Dave Moulton

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Hidden Motors

No doubt you will have read about the brouhaha caused by Pinarello advertising their new electric motor assist bike, as being suitable for female riders so they could keep up with their boyfriends. The ladies responded by saying, they have no problem keeping up with their boyfriends, thank you very much.  

All that aside, the question I have is, why do we need bikes with “Hidden” motors? Unless someone is trying to hide the fact their bike is electric assist. It is cheating on some level, even if it amongst people on a Sunday morning ride. There is always friendly rivalry in such groups.

I think anyone caught using a hidden motor in a sanctioned race, amateur or professional, should be barred for life. In professional cycling the excuse for doping was always, “Everyone was doing it.” The problem is, what happens in the professional ranks, trickles down to the amateur level.

If you get to a situation where everyone is using hidden motors, bicycle racing will become a complete farce. In the past as an amateur racing cyclist, I spent many hours and hundreds of miles training, so I could race at a level I could enjoy. I would not make that sacrifice today if I thought I was competing with people either doped up or using electric motors.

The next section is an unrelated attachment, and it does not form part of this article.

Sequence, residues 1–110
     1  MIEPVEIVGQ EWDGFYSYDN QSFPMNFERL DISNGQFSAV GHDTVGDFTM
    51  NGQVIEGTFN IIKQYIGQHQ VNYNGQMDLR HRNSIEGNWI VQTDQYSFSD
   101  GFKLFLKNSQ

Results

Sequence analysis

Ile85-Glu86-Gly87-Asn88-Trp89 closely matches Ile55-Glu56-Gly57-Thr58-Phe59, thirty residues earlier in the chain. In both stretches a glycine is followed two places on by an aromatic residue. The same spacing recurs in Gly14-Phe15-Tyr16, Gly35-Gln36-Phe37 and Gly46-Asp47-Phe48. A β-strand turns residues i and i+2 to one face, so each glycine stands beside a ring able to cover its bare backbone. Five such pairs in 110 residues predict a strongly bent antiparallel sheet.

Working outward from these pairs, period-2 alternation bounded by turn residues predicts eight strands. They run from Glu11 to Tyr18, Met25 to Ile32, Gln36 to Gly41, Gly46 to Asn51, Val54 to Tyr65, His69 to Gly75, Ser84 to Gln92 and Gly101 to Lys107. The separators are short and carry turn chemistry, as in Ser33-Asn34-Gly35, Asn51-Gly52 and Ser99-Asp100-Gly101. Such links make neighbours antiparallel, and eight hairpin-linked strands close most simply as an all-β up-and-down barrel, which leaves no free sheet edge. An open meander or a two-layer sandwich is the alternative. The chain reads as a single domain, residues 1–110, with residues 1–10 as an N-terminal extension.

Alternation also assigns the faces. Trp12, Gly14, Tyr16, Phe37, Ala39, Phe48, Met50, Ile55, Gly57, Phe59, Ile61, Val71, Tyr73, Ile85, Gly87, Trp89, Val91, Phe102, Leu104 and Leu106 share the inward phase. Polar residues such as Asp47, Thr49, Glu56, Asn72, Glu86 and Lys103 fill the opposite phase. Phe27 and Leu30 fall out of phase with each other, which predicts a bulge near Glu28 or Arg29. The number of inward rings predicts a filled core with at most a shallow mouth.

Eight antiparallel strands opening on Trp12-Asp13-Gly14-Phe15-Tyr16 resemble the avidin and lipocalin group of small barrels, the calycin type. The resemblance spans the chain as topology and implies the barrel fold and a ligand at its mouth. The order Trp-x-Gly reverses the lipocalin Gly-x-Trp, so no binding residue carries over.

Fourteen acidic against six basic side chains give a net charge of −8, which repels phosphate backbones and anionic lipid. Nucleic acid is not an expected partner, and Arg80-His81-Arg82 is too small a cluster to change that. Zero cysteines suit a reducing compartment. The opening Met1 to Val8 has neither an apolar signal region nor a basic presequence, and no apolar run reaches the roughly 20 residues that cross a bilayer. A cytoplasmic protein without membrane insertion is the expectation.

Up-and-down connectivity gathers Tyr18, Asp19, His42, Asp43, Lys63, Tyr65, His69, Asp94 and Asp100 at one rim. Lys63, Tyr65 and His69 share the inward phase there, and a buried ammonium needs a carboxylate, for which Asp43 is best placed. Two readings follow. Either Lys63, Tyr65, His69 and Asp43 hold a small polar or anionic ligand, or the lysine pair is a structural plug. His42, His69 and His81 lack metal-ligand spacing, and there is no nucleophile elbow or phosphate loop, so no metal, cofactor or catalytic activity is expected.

There are those who would say someone like me might be justified using an electric assist bike, so I could ride with the “Big Boys” again. What would be the point, what would I prove to myself or anyone else. No thank you. I get all the exercise and enjoyment I need riding at a leisurely pace these days. At least I am doing it under my own steam.

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On a totally different subject. Has anyone noticed how all modern cars are all different and yet all look the same? No doubt due the fact they are all computer designed. Computers then control the machines that make the dies to stamp out the steel panels that form the car body. That make the molds for plastic tail and headlight fittings, etc., etc.

The end result is some multi-faceted nightmare of an object that not only pollutes the atmosphere, but is in itself, visual pollution. Tone it down for Cri’sakes. A few less curved lines that start at the front, undulate along the sides, to somehow morph into a tail-light cluster at the rear.